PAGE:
“But”, they say, “there is one additional thing we could do though – let’s give them lots of parliamentary seats. We have some spare ones. And if they keep supporting us, they can be allowed to sit at the back and make a lot of noise. I mean they are quite helpful when things are difficult. And they can give all the speeches in all the debates. Yes, that’s the answer – lots of female MPs, lots of debates on the plight of women. That should keep a lid on it”.

What if that’s not enough? Well, they say, “Here’s another thing we could do. Let’s give them their own tiny little government department. They only need a very small budget to hold a few workshops and conferences, where more debating can take place. The Department won’t be able to act, or do anything serious. And we will let the President keep an eye on it just to keep it in line”.

And if that doesn’t keep a lid on it? Well, “let’s also tell them that they can have their debates, but they must realise that their problems are only secondary level problems. They must understand that there are what’s known as real problems - problems for which so-called larger forces are to blame - and secondary problems, for which we personally are largely to blame. We can’t waste time and money on these, can we? – they are mainly domestic. How trivial can you get? No, let’s worry about the liberation of the nation, the stability of the party and world peace and let these debates solve the problems of violence, segregation, humiliation, abuse, neglect and prejudice.”

Thus, we end up with debating the matter of female subordination again and again in Parliament. Many Parliamentarians yawn at the thought. More importantly, the issue of women’s subordination becomes trivialised, bludgeoned into insignificance by the sheer weight of the boredom, the platitudes, the repetitiveness, that accompanies consideration of it. Valiantly, DA and other opposition MP’s introduce more vibrant ideas. But ultimately, the debates drone on, because we cannot bring ourselves to address the real issues that confront women, or to challenge those who perpetuate their inferior standing. These highly symbolic speeches on the intractable issues facing women in South Africa today happen so often that they have lost their impact.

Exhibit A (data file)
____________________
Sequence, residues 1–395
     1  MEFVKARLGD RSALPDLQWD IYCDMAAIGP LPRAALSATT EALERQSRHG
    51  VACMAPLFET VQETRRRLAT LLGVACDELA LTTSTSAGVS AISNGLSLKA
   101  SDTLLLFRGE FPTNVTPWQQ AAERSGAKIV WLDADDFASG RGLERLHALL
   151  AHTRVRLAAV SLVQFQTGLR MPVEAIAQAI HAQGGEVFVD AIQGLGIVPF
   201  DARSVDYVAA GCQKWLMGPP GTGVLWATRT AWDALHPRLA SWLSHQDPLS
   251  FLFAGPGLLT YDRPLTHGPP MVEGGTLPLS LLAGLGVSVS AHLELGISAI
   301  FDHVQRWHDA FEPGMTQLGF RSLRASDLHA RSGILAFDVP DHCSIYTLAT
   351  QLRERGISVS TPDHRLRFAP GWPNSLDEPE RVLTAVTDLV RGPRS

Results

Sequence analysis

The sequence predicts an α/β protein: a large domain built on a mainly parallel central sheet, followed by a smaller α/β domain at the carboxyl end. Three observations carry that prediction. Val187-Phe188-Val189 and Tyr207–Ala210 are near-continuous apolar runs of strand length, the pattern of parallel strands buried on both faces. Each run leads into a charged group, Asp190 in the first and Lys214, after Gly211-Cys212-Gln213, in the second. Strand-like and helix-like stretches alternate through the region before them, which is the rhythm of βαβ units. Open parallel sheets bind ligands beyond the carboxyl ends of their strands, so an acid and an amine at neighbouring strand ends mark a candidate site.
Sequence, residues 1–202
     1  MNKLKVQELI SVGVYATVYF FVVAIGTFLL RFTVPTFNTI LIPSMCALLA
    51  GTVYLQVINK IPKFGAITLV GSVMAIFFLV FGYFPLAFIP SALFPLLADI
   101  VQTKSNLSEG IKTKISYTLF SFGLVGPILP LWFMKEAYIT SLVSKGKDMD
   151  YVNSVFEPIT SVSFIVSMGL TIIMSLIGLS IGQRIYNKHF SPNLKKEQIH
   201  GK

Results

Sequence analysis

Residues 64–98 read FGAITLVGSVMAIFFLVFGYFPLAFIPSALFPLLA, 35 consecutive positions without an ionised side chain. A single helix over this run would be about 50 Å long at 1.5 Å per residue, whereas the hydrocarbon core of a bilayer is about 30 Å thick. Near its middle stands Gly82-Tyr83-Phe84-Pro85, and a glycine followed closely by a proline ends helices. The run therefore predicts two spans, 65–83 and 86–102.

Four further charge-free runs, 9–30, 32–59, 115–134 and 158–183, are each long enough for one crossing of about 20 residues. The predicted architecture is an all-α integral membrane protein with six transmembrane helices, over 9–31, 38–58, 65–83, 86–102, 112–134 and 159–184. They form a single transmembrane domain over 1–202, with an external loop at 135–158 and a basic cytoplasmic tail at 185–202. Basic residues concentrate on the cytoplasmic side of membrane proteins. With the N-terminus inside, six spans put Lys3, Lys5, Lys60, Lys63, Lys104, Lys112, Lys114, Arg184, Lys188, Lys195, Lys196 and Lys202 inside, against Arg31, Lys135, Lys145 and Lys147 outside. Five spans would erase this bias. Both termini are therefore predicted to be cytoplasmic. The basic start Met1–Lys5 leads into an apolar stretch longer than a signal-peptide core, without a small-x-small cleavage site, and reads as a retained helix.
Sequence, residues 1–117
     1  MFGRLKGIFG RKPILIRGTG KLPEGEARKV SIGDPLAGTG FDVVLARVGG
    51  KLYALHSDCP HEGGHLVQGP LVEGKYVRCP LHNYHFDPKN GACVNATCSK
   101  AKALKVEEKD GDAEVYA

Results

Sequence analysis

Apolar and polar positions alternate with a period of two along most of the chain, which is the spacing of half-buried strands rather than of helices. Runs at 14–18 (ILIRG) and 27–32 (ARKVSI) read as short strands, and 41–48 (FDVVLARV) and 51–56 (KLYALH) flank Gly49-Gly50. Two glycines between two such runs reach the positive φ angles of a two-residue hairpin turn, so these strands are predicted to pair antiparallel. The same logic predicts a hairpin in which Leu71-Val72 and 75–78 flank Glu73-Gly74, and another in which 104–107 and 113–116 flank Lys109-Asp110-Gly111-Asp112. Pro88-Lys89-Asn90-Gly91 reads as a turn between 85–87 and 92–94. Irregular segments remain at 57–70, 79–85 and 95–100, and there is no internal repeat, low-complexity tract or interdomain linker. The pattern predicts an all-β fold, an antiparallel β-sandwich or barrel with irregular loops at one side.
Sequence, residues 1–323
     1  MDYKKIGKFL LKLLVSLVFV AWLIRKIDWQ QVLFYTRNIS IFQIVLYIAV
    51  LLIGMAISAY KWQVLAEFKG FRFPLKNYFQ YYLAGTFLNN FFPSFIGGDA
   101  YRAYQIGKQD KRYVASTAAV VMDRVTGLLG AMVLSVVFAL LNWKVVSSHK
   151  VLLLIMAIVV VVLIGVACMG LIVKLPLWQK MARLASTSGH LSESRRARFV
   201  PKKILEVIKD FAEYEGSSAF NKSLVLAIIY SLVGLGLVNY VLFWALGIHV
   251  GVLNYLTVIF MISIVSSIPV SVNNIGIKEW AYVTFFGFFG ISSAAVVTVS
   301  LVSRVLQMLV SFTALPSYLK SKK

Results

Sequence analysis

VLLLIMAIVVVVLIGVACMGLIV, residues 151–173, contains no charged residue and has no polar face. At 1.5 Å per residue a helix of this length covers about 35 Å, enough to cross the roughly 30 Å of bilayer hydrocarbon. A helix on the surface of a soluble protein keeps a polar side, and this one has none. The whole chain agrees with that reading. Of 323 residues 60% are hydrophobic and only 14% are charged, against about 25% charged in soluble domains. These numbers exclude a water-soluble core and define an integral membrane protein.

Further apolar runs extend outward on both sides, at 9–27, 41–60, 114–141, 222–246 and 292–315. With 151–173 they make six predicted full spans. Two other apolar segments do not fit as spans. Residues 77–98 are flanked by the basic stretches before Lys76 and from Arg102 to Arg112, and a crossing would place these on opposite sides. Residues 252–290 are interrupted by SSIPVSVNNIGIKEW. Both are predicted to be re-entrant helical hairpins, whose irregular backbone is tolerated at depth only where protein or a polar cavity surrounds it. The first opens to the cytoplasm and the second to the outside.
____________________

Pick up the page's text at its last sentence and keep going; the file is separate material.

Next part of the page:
One reason why they continue is that the debates perform an important ideological function for our governing party. From the ANC point of view, they revolve largely around the metaphorical role played by women in the allegory of nationalism. The suffering and struggling victimhood of women, complemented by the semi-religious imagery of the mother of the nation, are two notions that we see in many nationalisms.

Debates such as these serve ANC purposes above all, to reinforce and mourn the martyrdom of women as an integral part of the semi-religious story with which the movement is held together.  It is important to the ANC narrative, ironically, that women are repeatedly identified as victims so that their victimhood can perpetually be lamented. Lamentations – that is what these debates are for many ANC Parliamentarians.